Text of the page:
Recently, the Ninth Circuit invoked the same canon to avoid potential non-delegation doctrine problems concerning the Trump administration’s reading of 8 U.S.C. §1182(f). As I noted in this post, the non-delegation argument fails concerning the travel ban because of the president’s inherent Article II powers. In contrast, DACA was expressly not justified on Article II authority, nor could the domestic policy—which applies to aliens of all countries, equally—be so defended (See page 266 of this article). Sessions’s use of the word “proper” could be read to refer to either or both of these constitutional claims.
[DAPA] was enjoined on a nationwide basis in a decision affirmed by the Fifth Circuit on the basis of multiple legal grounds and then by the Supreme Court by an equally divided vote. See Texas v. United States, 86 F. Supp. 3d 591, 669-70 (S.D. Tex.), aff'd, 809 F.3d 134, 171-86 (5th Cir. 2015), aff'd by equally divided Court, 136 S. Ct. 2271 (2016).
The Fifth Circuit’s decision found that DAPA was invalid because (1) it did not go through the notice-and-comment rulemaking process, and (2) it was not supported by the INA. The Fifth Circuit expressly declined to reach the constitutional question, having disposed of the case on statutory grounds. The Supreme Court granted certiorari while Justice Antonin Scalia was still on the bench and added a question-presented concerning whether the policy violated the take care clause. Scalia passed away before oral arguments, and the case split 4-4. (I imagined what Justice Scalia’s concurring opinion could have looked like.)
Then-Secretary of Homeland Security John Kelly rescinded the DAPA policy in June. Because the DACA policy has the same legal and constitutional defects that the courts recognized as to DAPA ...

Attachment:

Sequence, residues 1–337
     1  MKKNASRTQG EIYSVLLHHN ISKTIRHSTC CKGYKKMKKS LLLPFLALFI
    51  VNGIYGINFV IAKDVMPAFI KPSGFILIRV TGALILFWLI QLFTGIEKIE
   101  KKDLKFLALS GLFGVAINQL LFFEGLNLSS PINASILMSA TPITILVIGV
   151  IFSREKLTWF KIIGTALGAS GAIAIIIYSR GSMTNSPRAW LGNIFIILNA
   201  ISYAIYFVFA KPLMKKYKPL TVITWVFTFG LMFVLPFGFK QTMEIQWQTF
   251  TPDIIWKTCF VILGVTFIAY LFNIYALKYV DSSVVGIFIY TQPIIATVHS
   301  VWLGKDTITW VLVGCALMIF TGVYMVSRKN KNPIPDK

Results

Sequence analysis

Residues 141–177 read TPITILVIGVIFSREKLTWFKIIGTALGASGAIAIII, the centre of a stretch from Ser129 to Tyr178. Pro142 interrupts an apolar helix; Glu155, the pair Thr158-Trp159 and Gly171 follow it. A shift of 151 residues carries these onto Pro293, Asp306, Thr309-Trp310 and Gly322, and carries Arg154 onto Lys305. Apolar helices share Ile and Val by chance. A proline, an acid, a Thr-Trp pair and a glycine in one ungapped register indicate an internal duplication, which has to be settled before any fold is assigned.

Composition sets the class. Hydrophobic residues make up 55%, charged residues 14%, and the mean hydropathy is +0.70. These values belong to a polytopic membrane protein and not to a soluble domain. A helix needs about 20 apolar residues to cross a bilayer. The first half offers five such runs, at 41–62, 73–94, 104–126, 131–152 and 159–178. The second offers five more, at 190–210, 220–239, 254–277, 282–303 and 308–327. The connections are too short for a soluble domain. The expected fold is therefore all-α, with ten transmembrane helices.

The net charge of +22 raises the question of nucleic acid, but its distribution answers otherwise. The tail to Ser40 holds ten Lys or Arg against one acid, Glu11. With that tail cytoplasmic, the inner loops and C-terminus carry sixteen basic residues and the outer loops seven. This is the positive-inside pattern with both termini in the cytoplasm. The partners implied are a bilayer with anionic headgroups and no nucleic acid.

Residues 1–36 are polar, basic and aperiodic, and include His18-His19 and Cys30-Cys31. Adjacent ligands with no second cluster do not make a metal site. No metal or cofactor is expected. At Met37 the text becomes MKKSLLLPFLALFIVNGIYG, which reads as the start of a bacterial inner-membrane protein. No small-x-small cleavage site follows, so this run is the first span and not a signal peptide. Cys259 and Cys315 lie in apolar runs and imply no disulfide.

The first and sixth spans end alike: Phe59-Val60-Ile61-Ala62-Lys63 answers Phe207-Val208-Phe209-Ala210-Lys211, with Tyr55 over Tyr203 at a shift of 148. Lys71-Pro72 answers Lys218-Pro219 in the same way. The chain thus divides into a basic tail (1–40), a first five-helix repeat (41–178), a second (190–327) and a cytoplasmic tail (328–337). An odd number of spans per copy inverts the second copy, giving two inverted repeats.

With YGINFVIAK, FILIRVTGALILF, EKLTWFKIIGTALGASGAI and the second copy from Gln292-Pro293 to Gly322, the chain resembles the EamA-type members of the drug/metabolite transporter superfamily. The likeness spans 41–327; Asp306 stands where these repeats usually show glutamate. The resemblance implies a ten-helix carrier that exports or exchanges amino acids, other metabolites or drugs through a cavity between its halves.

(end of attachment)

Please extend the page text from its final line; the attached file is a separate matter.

As noted earlier, the Fifth Circuit’s decision pointed out the “legal” defects (that is statutory problems) with DAPA, but it expressly declined to rule on the “constitutional defects” that the state of Texas, and the Cato brief I joined, advanced. I don’t know precisely what Sessions is referring to here. In any event, it doesn’t matter, because the executive branch independently concluded that the policy was unconstitutional, regardless of the Fifth Circuit’s decision. (See quote 3 above.)
... it is likely that potentially imminent litigation would yield similar results with respect to DACA.
Sessions did not say that his decision to rescind DACA was bound by the Fifth Circuit’s decision in U.S. v. Texas concerning DAPA. Rather, he said that Texas’s threatened suit against DACA would “likely” result in another injunction. This is significant because some commentators have suggested that Sessions erroneously believed he was bound by the Fifth Circuit’s judgment. It is persuasive for sure, but not binding on the executive branch. In this sense, Negusie v. Holder (2009)—wherein the INA erroneously concluded it was bound by a Supreme Court decision—is not controlling. (For more on Negusie, read Chevron Step One-and-a-Half by Daniel J. Hemel and Aaron L. Nielson.) Minimizing the risk of litigation where the government is likely to lose, provides more than a rational basis to wind down the policy.
In light of the costs and burdens that will be imposed on DHS associated with rescinding this policy, DHS should consider an orderly and efficient wind-down process.